Islam mandates deception [taqiyya] when Muslims deal with non-Muslims. Muslims are allowed to lie to unbelievers if the lie is for the protection of Islam or the furthering of Islamic goals and objectives. In the cause of Islamic expansionism Muslims falsely inform non-Muslims that: Islam is a "religion of peace", the Quran mandates pluralism of religions, "jihad" is only about an "inner spiritual struggle", unprovoked violence against non-Muslims is un-Islamic, immigrant Muslims wish to fully integrate into Western countries by adopting democratic principles instead of Sharia Law, Muhammad was a man of peace, etc. None of these things are true. Taqiyya is not about truth.
There are two forms of lying to non-believers that are permitted under certain circumstances, taqiyya and kitman.
Taqiyya - Saying something that isn't true.
Kitman - Lying by omission. An example would be when Muslim apologists quote only a fragment of verse 5:32 (that if anyone kills "it shall be as if he had killed all mankind") while neglecting to mention that the rest of the verse (and the next) mandate murder in undefined cases of "corruption" and "mischief."
Though not called Taqiyya by name, Muhammad clearly used deception when he signed a 10-year treaty with the Meccans that allowed him access to their city while he secretly prepared his own forces for a takeover. The unsuspecting residents were conquered in easy fashion after he broke the treaty two years later, and some of the people in the city who had trusted him at his word were executed.
Another example of lying is when Muhammad used deception to trick his personal enemies into letting down their guard and exposing themselves to slaughter by pretending to seek peace. This happened in the case of Ka'b bin al-Ashraf (as previously noted) and again later against Usayr ibn Zarim, a surviving leader of the Banu Nadir tribe, which had been evicted from their home in Medina by the Muslims.
At the time, Usayr ibn Zarim was attempting to gather an armed force against the Muslims from among a tribe allied with the Quraish (against which Muhammad had already declared war). Muhammad's "emissaries" went to ibn Zarim and persuaded him to leave his safe haven on the pretext of meeting with the prophet of Islam in Medina to discuss peace. Once vulnerable, the leader and his thirty companions were massacred by the Muslims with ease, belying the probability that they were mostly unarmed, having been given a guarantee of safe passage (Ibn Ishaq 981).
Such was the reputation of Muslims for lying and then killing that even those who "accepted Islam" did not feel entirely safe. The fate of the Jadhima is tragic evidence for this. When Muslim "missionaries" approached their tribe one of the members insisted that they would be slaughtered even though they had already "converted" to Islam to avoid just such a demise. However, the others were convinced that they could trust the Muslim leader's promise that they would not be harmed if they simply offered no resistance. (After convincing the skeptic to lay down his arms, the unarmed men of the tribe were quickly tied up and beheaded - Ibn Ishaq 834 & 837).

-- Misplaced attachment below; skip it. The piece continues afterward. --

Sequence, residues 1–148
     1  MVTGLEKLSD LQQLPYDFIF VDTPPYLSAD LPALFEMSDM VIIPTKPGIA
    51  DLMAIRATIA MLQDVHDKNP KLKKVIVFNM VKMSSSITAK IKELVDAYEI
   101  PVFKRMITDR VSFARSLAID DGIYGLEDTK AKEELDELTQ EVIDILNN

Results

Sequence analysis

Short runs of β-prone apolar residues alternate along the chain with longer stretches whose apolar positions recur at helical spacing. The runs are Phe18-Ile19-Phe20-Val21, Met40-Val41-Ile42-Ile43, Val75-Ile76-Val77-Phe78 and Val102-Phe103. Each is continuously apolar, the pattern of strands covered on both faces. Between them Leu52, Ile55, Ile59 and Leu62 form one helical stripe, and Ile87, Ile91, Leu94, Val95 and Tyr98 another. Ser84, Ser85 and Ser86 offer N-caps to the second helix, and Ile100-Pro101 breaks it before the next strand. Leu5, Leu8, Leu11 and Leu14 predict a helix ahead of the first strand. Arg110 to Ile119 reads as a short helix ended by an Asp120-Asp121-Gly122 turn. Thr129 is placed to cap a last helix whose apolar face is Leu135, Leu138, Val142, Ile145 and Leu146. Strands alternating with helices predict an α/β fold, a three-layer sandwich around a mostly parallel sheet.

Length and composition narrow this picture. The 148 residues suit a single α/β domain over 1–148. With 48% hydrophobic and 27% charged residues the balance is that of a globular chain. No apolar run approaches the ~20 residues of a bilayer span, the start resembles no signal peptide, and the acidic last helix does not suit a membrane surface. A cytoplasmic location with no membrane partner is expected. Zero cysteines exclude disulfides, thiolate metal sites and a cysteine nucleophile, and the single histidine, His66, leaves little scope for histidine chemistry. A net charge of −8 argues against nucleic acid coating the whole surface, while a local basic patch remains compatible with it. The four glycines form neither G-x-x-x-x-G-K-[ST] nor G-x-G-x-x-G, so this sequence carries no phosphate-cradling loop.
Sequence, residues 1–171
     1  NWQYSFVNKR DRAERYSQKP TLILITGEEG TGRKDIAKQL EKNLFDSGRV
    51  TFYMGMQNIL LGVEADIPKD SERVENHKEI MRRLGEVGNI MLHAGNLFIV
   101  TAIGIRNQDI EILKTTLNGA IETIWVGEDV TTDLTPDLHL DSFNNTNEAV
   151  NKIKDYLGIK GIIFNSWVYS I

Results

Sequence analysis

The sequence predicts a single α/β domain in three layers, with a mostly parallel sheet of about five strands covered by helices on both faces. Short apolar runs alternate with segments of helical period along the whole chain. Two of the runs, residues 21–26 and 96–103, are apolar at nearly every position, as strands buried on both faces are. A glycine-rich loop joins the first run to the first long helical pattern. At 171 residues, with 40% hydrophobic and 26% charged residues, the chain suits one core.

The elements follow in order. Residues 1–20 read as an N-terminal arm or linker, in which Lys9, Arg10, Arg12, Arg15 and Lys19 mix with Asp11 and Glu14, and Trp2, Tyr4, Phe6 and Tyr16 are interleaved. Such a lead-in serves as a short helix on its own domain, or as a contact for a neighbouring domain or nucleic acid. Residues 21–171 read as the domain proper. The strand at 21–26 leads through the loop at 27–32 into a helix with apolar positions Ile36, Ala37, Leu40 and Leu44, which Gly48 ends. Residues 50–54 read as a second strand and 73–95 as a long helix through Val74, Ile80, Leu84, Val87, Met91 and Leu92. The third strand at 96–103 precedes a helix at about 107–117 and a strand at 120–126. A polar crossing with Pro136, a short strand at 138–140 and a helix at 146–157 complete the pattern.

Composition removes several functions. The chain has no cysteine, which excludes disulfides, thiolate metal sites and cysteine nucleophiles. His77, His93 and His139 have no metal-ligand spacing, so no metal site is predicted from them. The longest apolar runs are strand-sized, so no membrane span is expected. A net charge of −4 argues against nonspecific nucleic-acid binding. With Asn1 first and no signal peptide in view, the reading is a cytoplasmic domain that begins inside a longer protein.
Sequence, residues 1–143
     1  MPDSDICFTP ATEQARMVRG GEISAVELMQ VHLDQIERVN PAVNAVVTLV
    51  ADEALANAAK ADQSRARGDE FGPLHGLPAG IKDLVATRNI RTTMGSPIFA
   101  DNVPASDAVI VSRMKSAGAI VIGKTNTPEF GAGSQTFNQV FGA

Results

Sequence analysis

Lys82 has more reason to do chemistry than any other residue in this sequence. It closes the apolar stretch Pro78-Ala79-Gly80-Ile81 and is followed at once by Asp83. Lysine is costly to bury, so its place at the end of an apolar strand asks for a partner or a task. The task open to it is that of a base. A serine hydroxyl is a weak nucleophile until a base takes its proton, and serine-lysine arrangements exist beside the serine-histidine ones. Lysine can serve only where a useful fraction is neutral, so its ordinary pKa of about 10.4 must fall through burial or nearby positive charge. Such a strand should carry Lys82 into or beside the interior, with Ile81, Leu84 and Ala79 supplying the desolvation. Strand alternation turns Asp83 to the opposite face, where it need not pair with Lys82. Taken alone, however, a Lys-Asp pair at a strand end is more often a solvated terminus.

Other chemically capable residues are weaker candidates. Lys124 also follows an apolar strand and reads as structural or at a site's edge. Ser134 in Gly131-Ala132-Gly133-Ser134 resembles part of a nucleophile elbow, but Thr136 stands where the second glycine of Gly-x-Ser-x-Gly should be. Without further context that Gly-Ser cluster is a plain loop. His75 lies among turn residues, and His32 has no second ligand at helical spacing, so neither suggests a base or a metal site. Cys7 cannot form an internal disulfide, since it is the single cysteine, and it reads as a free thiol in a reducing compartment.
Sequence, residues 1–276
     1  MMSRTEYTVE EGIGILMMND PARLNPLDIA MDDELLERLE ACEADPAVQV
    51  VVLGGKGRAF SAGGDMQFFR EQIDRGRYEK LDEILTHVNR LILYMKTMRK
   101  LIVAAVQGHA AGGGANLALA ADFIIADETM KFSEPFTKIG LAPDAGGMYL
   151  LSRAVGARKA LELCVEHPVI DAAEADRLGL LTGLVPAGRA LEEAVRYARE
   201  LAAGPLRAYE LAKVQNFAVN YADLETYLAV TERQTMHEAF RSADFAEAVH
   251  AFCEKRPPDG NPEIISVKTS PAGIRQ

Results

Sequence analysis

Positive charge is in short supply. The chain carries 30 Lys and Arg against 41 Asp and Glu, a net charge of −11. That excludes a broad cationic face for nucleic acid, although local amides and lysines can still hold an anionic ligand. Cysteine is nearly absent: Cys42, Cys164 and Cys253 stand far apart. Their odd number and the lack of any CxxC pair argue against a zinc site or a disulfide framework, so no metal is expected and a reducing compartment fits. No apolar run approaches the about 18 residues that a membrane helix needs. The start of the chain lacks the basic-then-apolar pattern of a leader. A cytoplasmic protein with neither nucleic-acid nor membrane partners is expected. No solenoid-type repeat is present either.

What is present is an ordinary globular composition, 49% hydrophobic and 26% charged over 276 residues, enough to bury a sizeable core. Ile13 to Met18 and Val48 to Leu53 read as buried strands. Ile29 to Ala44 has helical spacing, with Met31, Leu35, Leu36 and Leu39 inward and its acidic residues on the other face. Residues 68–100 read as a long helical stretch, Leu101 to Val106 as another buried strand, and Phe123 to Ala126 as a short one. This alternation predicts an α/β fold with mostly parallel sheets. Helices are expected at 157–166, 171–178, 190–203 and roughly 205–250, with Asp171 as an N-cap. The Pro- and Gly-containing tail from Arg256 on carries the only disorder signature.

Today's Muslims often try to justify Muhammad's murder of poets and others who criticized him at Medina by saying that they broke a treaty by their actions. Yet, these same apologists place little value on treaties broken by Muslims. From Muhammad to Saddam Hussein, promises made to non-Muslim are distinctly non-binding in the Muslim mindset.
Leaders in the Arab world routinely say one thing to English-speaking audiences and then something entirely different to their own people in Arabic. Yassir Arafat was famous for telling Western newspapers about his desire for peace with Israel, then turning right around and whipping Palestinians into a hateful and violent frenzy against Jews.
The 9/11 hijackers practiced deception by going into bars and drinking alcohol, thus throwing off potential suspicion that they were fundamentalists plotting jihad. This effort worked so well, in fact, that even weeks after 9/11, John Walsh, the host of a popular American television show, said that their bar trips were evidence of 'hypocrisy.'
The near absence of Qur'anic verse and reliable Hadith that encourage truthfulness is somewhat surprising, given that many Muslims are convinced that their religion teaches honesty. In fact, it is because of this ingrained belief that many Muslims are quite honest. When lying is addressed in the Qur'an, it is nearly always in reference to the "lies against Allah" - referring to the Jews and Christians who rejected Muhammad's claim to being a prophet.
Finally, the circumstances by which Muhammad allowed a believer to lie to a non-spouse are limited to those that either advance the cause of Islam or enable a Muslim to avoid harm to his well-being (and presumably that of other Muslims as well). Although this should be kept very much in mind when dealing with matters of global security, such as Iran's nuclear intentions, it is not grounds for assuming that the Muslim one might personally encounter on the street or in the workplace is any less honest than anyone else.